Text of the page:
Congressman Markey writes:

A Department of Energy proposal to allow up to14,000 metric tons of its radioactive scrap metal to be recycled into consumer productswas called into question today by Rep. Ed Markey (D-Mass.) due to concerns over public health. In a letter sent to DOE head Steven Chu, Rep. Markey expressed “grave concerns” over the potential of these metals becoming jewelry, cutlery, or other consumer products that could exceed healthy doses of radiation without any knowledge by the consumer. DOE made the proposal to rescind its earlier moratorium on radioactive scrap metal recycling in December, 2012.

 

The proposal follows an incident from 2012 involving Bed, Bath & Beyond stores in America recalling tissue holders made in India that were contaminated with the radio-isotope cobalt-60. Those products were shipped to 200 stores in 20 states. In response to that incident, a Nuclear Regulatory Commission spokesperson advised members of the public to return the products even though the amount of contamination was not considered to be a health risk.

This is not the first time this has happened.

As the Progressive reported in 1998, radioactive scrap metal was ending up in everything from silverware to frying pans and belt buckles:

The Department of Energy has a problem: what to do with millions of tons of radioactive material.  So the DOE has come up with an ingenious plan to dispose of its troublesome tons of nickel, copper, steel and aluminum.  It wants to let scrap companies collect the metal, try to take the radioactivity out, and sell the metal to foundries, which would in turn sell it to manufacturers who could use it for everyday household products: pots, pans, forks, spoons, even your eyeglasses.

 

You may not know this, but the government already permits some companies under special licenses, to buy, reprocess and sell radioactive metal: 7,500 tons in 1996, by one industry estimate. But the amount of this reprocessing could increase drastically if the DOE, the Nuclear Regulatory Commission … and the burgeoning radioactive metal processing industry get their way.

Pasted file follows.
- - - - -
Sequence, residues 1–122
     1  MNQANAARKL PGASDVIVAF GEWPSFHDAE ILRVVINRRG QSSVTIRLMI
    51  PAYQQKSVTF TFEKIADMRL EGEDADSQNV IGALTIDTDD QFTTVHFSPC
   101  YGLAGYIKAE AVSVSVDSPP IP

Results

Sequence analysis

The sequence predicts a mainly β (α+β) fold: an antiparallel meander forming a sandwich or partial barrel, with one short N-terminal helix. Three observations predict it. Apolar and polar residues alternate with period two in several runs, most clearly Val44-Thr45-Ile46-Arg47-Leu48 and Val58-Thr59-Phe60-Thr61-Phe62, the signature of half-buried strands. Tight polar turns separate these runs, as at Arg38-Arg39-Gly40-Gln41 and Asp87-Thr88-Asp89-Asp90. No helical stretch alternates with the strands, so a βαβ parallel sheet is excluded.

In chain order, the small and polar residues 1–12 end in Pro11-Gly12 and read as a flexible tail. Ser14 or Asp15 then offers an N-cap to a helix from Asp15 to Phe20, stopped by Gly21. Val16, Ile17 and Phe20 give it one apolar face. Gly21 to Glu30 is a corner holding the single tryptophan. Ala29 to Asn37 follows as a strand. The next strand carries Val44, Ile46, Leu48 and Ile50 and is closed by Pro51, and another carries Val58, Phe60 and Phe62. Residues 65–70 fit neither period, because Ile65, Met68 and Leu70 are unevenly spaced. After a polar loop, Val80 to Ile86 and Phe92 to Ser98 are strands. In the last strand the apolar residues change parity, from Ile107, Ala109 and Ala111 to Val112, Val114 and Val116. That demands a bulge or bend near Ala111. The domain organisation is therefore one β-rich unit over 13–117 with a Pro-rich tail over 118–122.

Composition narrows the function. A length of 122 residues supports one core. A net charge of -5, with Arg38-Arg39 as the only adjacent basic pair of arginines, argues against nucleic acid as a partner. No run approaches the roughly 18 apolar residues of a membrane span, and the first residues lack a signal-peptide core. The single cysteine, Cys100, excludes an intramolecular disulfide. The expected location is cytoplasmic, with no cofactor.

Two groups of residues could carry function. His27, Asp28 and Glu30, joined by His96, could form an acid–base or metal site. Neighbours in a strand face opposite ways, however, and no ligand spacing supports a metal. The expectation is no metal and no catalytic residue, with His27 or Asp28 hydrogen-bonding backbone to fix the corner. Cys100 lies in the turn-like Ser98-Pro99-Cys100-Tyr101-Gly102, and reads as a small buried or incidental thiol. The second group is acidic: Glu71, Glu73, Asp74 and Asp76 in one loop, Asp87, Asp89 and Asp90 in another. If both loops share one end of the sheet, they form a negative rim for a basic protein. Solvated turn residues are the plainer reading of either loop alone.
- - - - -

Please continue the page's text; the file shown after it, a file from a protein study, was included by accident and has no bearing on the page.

They are pressing for a new, lax standard that would do away with special permits and allow companies to buy and resell millions of tons of low-level radioactive metal.

 

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The standard the companies seek could cause nearly 100,000 cancer fatalities in the United States, by the NRC’s own estimate.

(A couple of years later, Congressman Markey successfullybanned most radioactive scrap … but now DOE is trying to bring it back.)

Radioactive scrap is a global problem.  As Bloomberg reportedlast year:

“The major risk we face in our industry is radiation,” said Paul de Bruin, radiation-safety chief for Jewometaal Stainless Processing, one of the world’s biggest stainless-steel scrap yards. “You can talk about security all you want, but I’ve found weapons-grade uranium in scrap. Where was the security?

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